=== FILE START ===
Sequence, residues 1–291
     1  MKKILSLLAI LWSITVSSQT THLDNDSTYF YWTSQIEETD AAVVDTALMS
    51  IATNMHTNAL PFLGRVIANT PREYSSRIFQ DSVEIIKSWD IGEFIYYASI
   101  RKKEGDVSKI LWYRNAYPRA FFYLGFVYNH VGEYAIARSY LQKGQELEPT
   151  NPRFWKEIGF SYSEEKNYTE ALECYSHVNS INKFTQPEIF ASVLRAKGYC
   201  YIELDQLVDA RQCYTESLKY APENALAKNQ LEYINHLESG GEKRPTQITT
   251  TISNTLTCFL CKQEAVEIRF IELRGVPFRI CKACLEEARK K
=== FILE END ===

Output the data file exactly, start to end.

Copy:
Sequence, residues 1–291
     1  MKKILSLLAI LWSITVSSQT THLDNDSTYF YWTSQIEETD AAVVDTALMS
    51  IATNMHTNAL PFLGRVIANT PREYSSRIFQ DSVEIIKSWD IGEFIYYASI
   101  RKKEGDVSKI LWYRNAYPRA FFYLGFVYNH VGEYAIARSY LQKGQELEPT
   151  NPRFWKEIGF SYSEEKNYTE ALECYSHVNS INKFTQPEIF ASVLRAKGYC
   201  YIELDQLVDA RQCYTESLKY APENALAKNQ LEYINHLESG GEKRPTQITT
   251  TISNTLTCFL CKQEAVEIRF IELRGVPFRI CKACLEEARK K